Concept Active NAPL removal

This sheet is part of the BOSS application.



  • Multiphase extraction/high vacuum extraction
  • Bio-slurping
  • Water purification
  • Air purification
  • NAPL removal



Figure: Diagram of NAPL  extraction


In-situ NAPL extraction is a variation of ‘pump & treat’ or ground-water extraction is also referred to as high-vacuum extraction / multi-phase extraction / dual-phase extraction or bio-slurping. An in-situ floating-layer remediation removes un-dissolved organic pollutants (LNAPL floating layers or residual DNAPL) that are present on the ground-water as free-phase.  

The theory behind the technique is based on the application of sub-normal pressure (‘vacuum’) to extract and remove NAPLs via the gas-phase on the one hand, to control capillary forces immobilised by NAPLs in the soil on the other hand, and to extract as much NAPL and vapour as possible.  


Implementation area and implementation conditions

Removal from soil without excavation taking place is possible using vertical filters which are connected to pumps; connected to the filter’s built-in pump or to an above-ground vacuum pump. The filters that have built-in pumps are connected to a double pump system. A pump ensures a decrease in the level of ground water, which creates a force that drives the floating layer towards the vertical filter.  A pump is placed at a higher point in the level indicator, whereby the floating layer can be selectively removed.

There are numerous variations in the implementation of in-situ pump systems, whereby different methods are used for extracting the floating layer. The floating layer can be pumped away via a floating pump or a pump installed at a fixed height. In other systems, a floating filter displaces the floating layer into a reservoir, which is then pumped away using a pump at ground level..

Bio-slurping or multi-phase systems are characterised by one pump system that has been set up at ground level for the extraction of the floating layer, water and air-phase.

A buffer and an oil separation system must be placed behind the pump systems.

Besides active NAPL removal, the NAPL can also be removed via skimming, in vertical filters, on a drain with drainage well or even with an open trench or gravel-filled trench.  

The soil must be sufficiently permeable in order to guarantee that the floating layer flows to the extraction systems. The viscosity of the floating layer must be low enough to allow it to flow towards the filter. Heavy oil components, such as fuel oil or motor oil, will only be slowly transported towards the filter system due to their high viscosity.



The costs for in-situ pump systems amount to circa 400 or 500 euros per week per filter. If the number of filters increases, then the average cost per filter will decrease. The treatment of removed oil products is an additional cost, which can cost up to 150 or 250 euros/ton. In some cases the recuperated oil product is of such quality that it can be re-used (e.g. as fuel).


Environmental burden and measures to be implemented

Initially, the extracted ground water can be regarded as harmful to the environment. The discharged waste water stream must be purified. There are number of techniques available, see table below for the Best Available Techniques for ground water purification:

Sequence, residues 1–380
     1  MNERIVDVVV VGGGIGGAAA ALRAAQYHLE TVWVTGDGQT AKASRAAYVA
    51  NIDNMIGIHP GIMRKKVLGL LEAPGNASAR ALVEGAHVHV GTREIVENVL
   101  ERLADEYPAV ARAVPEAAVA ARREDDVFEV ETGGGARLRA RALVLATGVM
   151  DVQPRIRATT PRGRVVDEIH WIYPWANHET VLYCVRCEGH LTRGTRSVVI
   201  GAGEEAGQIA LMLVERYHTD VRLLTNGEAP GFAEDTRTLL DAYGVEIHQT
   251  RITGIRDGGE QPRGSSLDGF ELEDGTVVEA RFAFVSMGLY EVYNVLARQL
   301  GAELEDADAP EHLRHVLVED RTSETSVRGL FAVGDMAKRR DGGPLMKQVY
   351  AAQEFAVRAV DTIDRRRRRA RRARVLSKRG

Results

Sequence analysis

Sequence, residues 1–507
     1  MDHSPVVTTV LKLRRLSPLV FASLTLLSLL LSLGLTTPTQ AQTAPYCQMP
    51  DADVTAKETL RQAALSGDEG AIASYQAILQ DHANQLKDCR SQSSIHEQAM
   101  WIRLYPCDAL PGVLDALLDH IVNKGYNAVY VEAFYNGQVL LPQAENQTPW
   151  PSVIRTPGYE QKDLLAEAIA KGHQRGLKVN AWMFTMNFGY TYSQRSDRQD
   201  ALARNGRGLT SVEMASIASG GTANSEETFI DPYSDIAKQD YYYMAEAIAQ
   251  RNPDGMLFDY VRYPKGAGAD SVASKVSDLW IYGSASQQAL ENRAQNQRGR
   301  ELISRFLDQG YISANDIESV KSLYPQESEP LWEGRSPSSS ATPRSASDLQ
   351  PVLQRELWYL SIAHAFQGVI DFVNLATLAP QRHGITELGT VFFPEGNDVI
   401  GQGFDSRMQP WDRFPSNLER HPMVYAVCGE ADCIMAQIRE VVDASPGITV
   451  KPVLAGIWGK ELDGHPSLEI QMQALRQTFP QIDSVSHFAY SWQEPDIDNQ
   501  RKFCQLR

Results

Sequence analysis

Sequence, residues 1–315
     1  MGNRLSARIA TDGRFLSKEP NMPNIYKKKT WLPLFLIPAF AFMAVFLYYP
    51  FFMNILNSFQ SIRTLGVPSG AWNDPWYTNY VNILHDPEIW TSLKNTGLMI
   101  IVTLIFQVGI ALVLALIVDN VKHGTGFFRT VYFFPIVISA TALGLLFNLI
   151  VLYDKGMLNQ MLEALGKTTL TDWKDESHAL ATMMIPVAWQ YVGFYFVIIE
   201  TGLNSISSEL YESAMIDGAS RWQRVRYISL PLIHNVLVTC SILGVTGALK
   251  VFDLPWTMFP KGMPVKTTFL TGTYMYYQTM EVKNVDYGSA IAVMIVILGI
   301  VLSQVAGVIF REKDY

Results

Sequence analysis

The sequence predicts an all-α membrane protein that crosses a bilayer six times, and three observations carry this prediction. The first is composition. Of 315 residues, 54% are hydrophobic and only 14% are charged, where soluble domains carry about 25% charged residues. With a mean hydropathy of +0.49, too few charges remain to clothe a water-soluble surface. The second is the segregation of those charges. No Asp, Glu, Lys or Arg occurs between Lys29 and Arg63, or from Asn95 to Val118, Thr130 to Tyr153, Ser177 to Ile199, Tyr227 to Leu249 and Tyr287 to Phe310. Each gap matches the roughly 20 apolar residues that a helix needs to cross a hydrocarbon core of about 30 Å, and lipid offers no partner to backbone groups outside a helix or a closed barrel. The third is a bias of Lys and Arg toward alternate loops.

• air stripping
  • biological treatment, in case of long term remediation of biodegradable concentrations of VOCl
  • activated carbon filter as post-treatment, or exceptional  cases


  • air stripping
  • biological treatment, in case of long term remediation of biodegradable concentrations of BTEX
  • activated carbon filter as post-treatment

Mineral oil

  • air stripping of volatile oil fraction
  • biological treatment
  • activated carbon filter
  • oil/water separation
  • skimming (NAPL)


  • activated carbon filter



  • activated carbon filter
  • air stripping
  • biological treatment

Heavy metals

  • precipitation/coagulation/flocculation with ion-exchange



  • oil/water separation, stripping and activated carbon
  • oxidation in case of heavy pollution


BOD/COD/suspended solids

  • biological treatment
  • physico-chemical treatment


During the extraction of ground-water, there is a risk that pollutants may be released into the air (an air outlet is only present in vacuum pumps). Undesirable emissions into the air may occur in pump containers, buffer tanks, biological purification (bio-rotor) or during air stripping of extracted ground-water.

A waste stream, from drilled or excavated polluted ground, could possibly be released when extraction and infiltration filters are placed. In addition, a waste stream of activated carbon or polluted silt, may be released during the purification of ground-water. In most cases, this waste stream is disposed of or incinerated. If a regeneratable activated carbon filter is used, the carbon can be re-used.

The extraction of ground-water provides relatively few problems to the environment. Extraction and infiltration filters are mostly placed underground, so that they present no problems. Only compressors and pumps may lead to noise-related problems. Buildings can remain intact and roads do not have to be dug up. In placing this installation, and possibly the clean up installation, short-term problems may arise from lorry transport.

[1] in combinatie met zandfiltratie